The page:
Explanations like this get WAAAAAY too close to works righteousness for me. Additionally, with all their pelagianistic emphasis on “free will,” they ignore the practical effects of being enslaved to sin–is there any place for God appearing to someone and opening his/her eyes, like Saul on the road to Damascus? Or did God violate Saul’s free will? :unamused:


Yes, I’m noticing that a lot of people are all too quick to shift away from evangelicalism on all sorts of other doctrines in order to defend the traditional view of Hell. The idea that Heaven is for those suited for it, as a reward for proper decision-making, and Hell is for those unsuited for Heaven goes totally against all evangelical teaching (and against any possible interpretation of Romans 3:23 and a host of other scripture.)

I’m sure if you asked the writer of this article, he would defend that salvation is faith-based, not work-based, but I think for people like this, anything’s fair game when defending your view of Hell.


Yes, like fishing in a stocked pond.

1st, “IF” God does love all of humanity, and “love never fails” and “never gives up” and “keeps no record of wrongs” and… (1 Cor. 13 definition), then it sure doesn’t seem like God would give up on anyone or that His love would fail to reconcile anyone or anything.

2nd, “IF” humanity was created for relationship with God to live in paradise, then anyone who experiences that would realize by experience that such is what they were created for. And such wholeness would be great joy. It’s illogical to think that anyone created for relationship with God would not enjoy relationship with God once that is experienced.

3rd, UR’s primary foundation is all the scriptures that seem to affirm the salvation of all humanity, not upon logic, though UR is very logical. God’s sovereignty + God’s love for all humanity = God saving all humanity.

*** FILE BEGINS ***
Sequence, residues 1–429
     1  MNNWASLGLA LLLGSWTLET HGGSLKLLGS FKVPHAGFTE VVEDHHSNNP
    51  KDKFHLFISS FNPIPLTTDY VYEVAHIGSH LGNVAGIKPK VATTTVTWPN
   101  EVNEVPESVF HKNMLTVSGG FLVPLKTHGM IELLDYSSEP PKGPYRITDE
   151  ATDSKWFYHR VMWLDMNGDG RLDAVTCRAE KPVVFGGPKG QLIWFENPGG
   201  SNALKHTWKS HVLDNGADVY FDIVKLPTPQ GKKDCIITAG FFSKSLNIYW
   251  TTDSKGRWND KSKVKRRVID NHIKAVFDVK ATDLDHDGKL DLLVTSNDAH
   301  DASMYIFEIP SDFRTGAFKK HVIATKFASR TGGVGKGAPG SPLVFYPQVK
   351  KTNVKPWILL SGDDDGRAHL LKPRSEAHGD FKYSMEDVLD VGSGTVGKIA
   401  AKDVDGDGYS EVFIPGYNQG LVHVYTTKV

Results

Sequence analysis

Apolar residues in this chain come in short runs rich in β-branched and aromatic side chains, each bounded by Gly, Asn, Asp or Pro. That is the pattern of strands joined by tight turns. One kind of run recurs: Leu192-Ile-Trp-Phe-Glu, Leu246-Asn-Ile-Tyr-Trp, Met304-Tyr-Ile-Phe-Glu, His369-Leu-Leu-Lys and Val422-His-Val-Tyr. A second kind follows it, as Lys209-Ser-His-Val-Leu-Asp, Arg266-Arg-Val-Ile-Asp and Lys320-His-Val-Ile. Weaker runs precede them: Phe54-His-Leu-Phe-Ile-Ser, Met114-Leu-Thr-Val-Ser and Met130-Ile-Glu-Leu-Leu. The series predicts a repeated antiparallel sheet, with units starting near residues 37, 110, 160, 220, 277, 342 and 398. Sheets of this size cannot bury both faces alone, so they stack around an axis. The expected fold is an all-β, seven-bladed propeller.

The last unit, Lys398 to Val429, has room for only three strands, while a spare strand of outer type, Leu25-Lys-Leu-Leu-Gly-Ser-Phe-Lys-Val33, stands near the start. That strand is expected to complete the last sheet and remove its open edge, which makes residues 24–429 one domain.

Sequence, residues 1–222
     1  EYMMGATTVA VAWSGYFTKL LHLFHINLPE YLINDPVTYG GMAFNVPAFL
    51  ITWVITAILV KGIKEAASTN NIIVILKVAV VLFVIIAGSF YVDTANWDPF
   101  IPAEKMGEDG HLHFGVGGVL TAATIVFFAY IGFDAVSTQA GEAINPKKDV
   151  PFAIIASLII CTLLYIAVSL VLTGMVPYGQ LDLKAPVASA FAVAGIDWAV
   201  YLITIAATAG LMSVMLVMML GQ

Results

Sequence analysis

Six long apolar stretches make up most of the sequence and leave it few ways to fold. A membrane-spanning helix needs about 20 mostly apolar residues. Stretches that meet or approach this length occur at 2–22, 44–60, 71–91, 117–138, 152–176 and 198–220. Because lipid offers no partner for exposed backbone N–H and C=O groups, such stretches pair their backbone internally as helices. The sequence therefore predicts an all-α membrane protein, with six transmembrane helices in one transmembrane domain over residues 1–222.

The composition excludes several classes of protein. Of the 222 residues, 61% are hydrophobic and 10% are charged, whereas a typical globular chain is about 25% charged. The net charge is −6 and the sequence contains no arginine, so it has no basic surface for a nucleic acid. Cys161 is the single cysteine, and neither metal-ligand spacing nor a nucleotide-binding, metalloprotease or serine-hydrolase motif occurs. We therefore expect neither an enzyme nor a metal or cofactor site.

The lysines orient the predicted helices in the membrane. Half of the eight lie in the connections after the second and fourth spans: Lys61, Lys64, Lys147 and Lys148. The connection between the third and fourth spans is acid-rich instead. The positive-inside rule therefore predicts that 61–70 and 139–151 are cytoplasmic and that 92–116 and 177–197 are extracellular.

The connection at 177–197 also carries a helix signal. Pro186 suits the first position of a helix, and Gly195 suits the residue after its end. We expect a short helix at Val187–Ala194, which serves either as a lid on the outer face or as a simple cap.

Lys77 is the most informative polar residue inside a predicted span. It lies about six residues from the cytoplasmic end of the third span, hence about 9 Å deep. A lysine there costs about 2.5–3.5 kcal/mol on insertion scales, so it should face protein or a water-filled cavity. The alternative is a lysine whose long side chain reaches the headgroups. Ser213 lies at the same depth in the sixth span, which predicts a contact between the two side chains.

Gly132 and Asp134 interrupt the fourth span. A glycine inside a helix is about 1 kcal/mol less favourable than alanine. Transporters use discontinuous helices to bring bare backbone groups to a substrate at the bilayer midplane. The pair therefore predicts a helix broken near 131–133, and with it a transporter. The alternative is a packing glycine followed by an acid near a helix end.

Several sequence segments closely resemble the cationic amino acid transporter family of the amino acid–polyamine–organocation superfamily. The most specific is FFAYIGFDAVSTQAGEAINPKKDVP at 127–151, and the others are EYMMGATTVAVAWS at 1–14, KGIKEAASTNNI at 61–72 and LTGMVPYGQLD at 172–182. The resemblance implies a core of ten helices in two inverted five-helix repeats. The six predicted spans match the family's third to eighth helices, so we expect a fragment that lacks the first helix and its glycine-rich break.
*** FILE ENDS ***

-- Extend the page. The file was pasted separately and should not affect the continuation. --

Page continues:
Human autonomy is very very limited. Frankly, we did not choose to be physically born, why would we then think being spiritually born again is based upon human will. In fact, doesn’t scripture indicate that being born of the Spirit is not based upon human will, but upon God’s will.

1st, I believe that salvation is by Grace and is not something that we “qualify” for by our actions or righteousness. It is by grace, undeserved, unmerrited favor. It’s not based on our goodness, but on the goodness of God.

2nd, UR affirms that we are all changed, delivered from evil, cleansed, purified, and healed by the presence of the Lord. It, the presence of the Lord, well, burns the hell out of you! God is a consuming fire. So everyone will be made right, healed, purified, forgiven, delivered from evil by the presence of the Lord.

A loving Father does not allow his children, especially a mentally handicapped child, to run off on his own, to harm himself. A loving father with the power to heal his child, will heal his child. We are children of God, created in His image, loved by Him. He is capable and has even expressed His will for all to be saved; why then do not people have faith in God to accomplish His stated desire.

Furthermore, the whole concept of “free will” is ludicrois. We do not have free will. We did not choose to be born in this present evil age, under the dominion of darkness, slaves of sin and death. Why then do we think that our salvation would be based upon our choice. Does a life guard only offer salvation to drowning people, or does he drag their butts to shore, knocking them out if necessary. In like manner, Jesus is the savior of all humanity. Some have enough sense about them to not resist being saved. Others are consumed with fear and thus irrationally resist being saved. But a loving and good lifeguard will pull them to shore though they fight him all the way.

God chooses when we’re born, live, die, where we’re born, live, and die, what talents, gifts, etc. that we’ll have, etc. etc. etc. In the scope of our lives, who we are, and how we live we choose 0.001 %; it’s illogical then to think that God leaves salvation in our hands.

Resisting the call and love of God is like resisting gravity. Ultimately gravity wins.


well said, Sherman. that’s those fish lined up and finished with one shot!


The whole libertarian free will argument really irritates me because it is so ILLOGICAL when one considers the facts, reality. We are simply NOT “Free Moral agents”.

  1. We are not “Free”; we are born slaves of sin and death, born under this present evil age, the kingdom of darkness, by nature enemies of God, spiritually, mentally, and physically handicapped, enslaved by death.